Bilingual Books

Gecko Press, Contemporary Books, Bilingual Books, 3 years +

Ko Wai E Huna Ana? (Who is Hiding?)

Words and illustration by Satoru Onishi

Te Reo Maori translation by Paora Tibble

Published by Gecko Press

My husband brought this bright coloured book home for my little one after a recent work trip to New Zealand. Bright and simple, each page has 18 cute animals posing with a question. Who is hiding? Who is crying? Who is backwards? Who is who? This book is fun and interactive and little ones will learn to name animals, colours, count and recognise expressions. 

Released to celebrate Maori Language Week in New Zealand, this book introduces beginner level Te Reo Maori. It is a great book for children and adults to learn Maori with the naming of animals. 

I love to include foreign language books in our little library. I don't for one minute kid myself that my little one will become a fluent speaker of another language because of the bilingual books we include in our library. However, I do believe that it is really important to introduce little ones to other languages at a young age so that they can start to think about their own cultural identity and their place within the world. And our indigenous cultures should be a part of this education. 

Originally published in Japanese, this book is also available in English and many other languages. With simple sentences and the focus on finding the odd one out on each page it did not matter that we can't read Maori. The question posed on each page was fairly obvious for the adult reader. However, I did check the english translation of each sentence just to be sure. Thank you google translate! 

This book is fantastic fun for young children but is just as suited to anyone who wants to learn Te Reo Maori. 

3 years +, Edizioni Corraini, Vintage Books, Bilingual Books

Bruno Munari's ABC

Words & Illustration by Bruno Munari

Published by Edizioni Corraini (Italian edition) and Chronicle Books (English edition)

I purchased this classic children's alphabet book from Present&Correct on a recent trip to London. The Italian edition of this book is a little bit harder to find than the English version but is worth hunting down as it includes all text in both Italian and English. I love to find bilingual books for my little library so I was very happy to find this one! 

Illustrated by the late great Italian artist & designer Bruno Munari, the book starts with an Ant on an Apple, and continues with a Blue Butterfly, Banana and a Book. As to be expected, the entire alphabet is illustrated. The book features many predictable items such as a dog, elephant and fish but there is also many fun and random inclusions such as a vertical violet violin and a watermelon on a wagon with a wooden wheel. The book is filled with lots of gorgeous details. Some of the illustrations do appear a little dated now (such as the Ticket & Telephone) but I think that they still remain easily recognisable.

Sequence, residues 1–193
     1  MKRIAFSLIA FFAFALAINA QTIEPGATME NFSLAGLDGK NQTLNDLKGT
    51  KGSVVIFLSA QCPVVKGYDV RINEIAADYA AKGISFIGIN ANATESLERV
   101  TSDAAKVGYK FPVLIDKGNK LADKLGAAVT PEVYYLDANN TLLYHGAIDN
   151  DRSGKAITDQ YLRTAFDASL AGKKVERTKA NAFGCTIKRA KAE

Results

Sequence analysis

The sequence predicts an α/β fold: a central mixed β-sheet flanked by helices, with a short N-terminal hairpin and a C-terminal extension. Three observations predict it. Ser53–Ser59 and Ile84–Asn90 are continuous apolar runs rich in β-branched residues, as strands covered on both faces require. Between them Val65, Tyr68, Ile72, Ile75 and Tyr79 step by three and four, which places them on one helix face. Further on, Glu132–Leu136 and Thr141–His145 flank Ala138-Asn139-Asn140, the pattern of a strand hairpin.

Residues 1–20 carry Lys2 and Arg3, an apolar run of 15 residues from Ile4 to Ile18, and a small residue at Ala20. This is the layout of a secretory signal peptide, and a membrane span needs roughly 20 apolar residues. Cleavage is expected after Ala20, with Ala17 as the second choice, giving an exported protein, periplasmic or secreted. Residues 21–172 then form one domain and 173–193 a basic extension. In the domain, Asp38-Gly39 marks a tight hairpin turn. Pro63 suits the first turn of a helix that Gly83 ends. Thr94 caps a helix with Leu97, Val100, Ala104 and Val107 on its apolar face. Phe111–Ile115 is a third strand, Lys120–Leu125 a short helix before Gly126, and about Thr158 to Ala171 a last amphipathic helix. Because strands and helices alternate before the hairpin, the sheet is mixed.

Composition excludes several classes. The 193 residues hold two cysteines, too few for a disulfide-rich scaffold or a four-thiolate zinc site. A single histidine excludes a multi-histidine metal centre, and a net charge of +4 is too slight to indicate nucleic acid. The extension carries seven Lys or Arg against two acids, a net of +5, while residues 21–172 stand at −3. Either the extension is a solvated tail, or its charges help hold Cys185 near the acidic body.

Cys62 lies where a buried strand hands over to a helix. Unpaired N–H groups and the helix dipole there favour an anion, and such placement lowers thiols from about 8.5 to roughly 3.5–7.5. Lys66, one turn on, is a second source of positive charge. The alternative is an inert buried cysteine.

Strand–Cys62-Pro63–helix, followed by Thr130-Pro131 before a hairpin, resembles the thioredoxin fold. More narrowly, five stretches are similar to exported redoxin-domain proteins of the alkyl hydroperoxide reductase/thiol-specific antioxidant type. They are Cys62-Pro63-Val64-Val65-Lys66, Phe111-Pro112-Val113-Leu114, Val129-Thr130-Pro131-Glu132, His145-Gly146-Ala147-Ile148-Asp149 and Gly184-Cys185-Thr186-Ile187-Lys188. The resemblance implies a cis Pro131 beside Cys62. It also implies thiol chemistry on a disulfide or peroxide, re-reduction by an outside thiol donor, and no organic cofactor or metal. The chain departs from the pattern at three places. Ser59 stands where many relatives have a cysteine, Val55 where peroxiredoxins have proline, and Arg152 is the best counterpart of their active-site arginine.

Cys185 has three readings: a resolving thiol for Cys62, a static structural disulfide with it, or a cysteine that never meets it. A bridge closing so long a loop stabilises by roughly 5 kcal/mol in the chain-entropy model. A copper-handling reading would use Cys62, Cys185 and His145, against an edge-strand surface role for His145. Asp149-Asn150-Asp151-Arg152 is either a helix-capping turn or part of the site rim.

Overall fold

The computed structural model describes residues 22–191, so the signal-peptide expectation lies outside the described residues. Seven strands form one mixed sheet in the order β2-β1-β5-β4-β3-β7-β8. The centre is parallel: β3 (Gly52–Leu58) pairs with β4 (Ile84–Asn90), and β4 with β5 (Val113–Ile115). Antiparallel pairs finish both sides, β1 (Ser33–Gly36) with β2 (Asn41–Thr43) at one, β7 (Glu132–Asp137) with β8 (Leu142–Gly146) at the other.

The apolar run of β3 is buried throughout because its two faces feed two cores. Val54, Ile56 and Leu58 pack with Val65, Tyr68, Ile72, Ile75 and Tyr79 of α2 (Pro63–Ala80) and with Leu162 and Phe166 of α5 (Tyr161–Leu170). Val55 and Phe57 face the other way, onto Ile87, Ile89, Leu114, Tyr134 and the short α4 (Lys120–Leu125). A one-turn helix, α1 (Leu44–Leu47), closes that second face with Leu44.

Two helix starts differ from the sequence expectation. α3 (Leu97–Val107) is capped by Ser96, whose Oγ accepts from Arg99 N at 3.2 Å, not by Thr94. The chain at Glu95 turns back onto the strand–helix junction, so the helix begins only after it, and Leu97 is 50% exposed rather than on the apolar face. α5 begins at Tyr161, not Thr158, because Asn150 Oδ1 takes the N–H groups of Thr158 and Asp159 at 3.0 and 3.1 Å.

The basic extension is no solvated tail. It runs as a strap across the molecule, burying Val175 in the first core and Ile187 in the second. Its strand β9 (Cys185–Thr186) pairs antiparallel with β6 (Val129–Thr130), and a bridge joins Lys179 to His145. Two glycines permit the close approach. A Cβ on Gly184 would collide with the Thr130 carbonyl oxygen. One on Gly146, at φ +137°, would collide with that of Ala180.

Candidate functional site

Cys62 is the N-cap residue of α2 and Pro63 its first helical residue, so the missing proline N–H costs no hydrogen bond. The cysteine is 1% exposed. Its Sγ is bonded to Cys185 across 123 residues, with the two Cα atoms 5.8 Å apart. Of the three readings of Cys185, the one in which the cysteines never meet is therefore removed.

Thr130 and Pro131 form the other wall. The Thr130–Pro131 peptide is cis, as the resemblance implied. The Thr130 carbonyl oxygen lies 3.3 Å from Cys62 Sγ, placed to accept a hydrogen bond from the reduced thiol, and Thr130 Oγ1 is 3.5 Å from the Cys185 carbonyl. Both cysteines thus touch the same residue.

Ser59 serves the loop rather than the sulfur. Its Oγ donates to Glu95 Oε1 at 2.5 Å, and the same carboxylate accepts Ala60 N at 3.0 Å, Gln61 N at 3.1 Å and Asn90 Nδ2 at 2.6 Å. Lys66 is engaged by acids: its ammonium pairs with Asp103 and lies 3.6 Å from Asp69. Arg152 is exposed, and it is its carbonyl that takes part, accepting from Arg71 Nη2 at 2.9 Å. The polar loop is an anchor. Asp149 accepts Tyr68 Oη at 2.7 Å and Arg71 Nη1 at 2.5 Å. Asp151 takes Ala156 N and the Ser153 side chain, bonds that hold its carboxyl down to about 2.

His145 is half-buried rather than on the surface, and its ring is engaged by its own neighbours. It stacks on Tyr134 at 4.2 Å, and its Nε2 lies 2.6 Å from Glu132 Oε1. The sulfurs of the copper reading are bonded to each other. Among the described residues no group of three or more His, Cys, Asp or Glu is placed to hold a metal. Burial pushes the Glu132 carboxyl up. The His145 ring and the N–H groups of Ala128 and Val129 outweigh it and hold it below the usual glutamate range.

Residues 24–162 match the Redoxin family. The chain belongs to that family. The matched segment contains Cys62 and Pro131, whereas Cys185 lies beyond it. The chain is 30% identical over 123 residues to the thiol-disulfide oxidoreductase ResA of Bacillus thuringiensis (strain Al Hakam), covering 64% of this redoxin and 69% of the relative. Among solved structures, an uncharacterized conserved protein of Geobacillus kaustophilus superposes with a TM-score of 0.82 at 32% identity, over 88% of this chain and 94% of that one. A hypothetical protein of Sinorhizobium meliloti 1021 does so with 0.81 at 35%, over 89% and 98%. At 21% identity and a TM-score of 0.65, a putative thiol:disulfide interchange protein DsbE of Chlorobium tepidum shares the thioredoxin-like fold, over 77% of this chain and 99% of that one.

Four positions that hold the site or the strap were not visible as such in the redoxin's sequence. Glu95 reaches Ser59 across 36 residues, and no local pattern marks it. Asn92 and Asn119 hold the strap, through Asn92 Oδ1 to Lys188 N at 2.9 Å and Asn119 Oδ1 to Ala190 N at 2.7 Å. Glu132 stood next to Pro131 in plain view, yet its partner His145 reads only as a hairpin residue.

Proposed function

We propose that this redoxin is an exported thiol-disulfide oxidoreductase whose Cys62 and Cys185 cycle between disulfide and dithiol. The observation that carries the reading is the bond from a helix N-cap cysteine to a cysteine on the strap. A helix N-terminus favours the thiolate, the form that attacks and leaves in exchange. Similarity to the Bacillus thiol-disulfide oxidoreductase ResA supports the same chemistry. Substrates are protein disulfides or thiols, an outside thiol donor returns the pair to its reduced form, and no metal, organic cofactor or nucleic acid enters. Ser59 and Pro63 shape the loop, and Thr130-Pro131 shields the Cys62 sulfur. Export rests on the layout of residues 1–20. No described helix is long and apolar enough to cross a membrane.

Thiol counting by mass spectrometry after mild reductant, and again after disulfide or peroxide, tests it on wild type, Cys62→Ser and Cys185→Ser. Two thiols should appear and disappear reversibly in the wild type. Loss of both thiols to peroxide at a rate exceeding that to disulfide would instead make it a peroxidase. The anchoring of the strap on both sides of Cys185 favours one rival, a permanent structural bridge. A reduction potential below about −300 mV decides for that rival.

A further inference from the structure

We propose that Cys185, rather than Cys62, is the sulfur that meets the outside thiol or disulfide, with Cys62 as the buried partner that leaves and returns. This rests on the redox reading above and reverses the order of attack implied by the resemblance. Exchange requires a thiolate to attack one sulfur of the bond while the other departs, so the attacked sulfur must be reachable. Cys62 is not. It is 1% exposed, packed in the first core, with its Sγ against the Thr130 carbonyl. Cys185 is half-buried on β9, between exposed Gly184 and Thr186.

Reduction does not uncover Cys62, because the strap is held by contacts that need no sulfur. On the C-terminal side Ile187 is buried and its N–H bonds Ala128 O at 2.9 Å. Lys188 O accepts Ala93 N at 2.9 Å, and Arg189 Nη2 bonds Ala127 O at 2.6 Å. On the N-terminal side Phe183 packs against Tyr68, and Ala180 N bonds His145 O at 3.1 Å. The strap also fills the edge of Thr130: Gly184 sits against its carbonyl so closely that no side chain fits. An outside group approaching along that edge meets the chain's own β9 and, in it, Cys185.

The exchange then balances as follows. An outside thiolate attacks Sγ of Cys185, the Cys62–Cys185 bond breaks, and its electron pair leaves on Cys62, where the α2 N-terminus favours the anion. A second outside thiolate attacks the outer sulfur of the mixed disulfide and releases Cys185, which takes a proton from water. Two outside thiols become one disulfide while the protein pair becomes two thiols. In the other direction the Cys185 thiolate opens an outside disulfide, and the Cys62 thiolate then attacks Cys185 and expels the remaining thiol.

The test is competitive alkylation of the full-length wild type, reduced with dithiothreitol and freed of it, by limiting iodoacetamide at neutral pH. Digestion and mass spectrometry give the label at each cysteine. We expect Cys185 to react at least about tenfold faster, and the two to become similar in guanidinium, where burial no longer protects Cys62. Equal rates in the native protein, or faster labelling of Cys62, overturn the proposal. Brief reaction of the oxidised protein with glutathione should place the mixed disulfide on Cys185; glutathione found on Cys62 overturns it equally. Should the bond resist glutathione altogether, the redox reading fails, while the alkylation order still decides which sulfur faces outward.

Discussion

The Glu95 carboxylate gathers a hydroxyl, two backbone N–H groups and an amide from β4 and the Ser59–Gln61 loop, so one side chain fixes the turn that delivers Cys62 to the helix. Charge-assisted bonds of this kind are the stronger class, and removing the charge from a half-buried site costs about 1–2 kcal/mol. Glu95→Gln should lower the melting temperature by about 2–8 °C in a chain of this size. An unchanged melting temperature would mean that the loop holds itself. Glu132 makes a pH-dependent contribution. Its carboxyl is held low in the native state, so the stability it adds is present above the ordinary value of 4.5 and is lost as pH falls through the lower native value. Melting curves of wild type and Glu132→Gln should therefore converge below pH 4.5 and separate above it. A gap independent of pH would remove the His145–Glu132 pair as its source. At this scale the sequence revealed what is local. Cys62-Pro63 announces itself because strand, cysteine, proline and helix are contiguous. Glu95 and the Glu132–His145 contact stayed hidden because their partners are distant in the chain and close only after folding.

The letter 'F' is beautifully illustrated using a Fly, a Flower, a Feather, more Flies and a Fish. There is a pesky fly that breaks free of his own 'F' page and reappears throughout the book in the Green Grass ("still another fly!), under a Hammer ("look out, fly!") and close to an Icecream ("shoo, fly!"). Just as you think that the fly has disappeared, it reappears to the amusement of little readers on the letter 'V' as "a fly on a Voyage". The book ends with the fly making the final sound for the letter Zzzzzz.

Each letter of the alphabet is printed large and black and contrasts sharply with the crisp white pages. The book illustrations are bold and detailed using a great variety of gorgeous colours. Bright illustrations sit confidently within large areas of white space and Munari uses paint brushstrokes and gradients of colour washes to provide detail.  

Originally published in 1960, this classic alphabet book is funny, witty and beautifully illustrated. I love to include classic books by great artists in my little library and a children's book by Bruno Munari is definitely one to be shared with our littlest readers.

Reviewed by Georgia White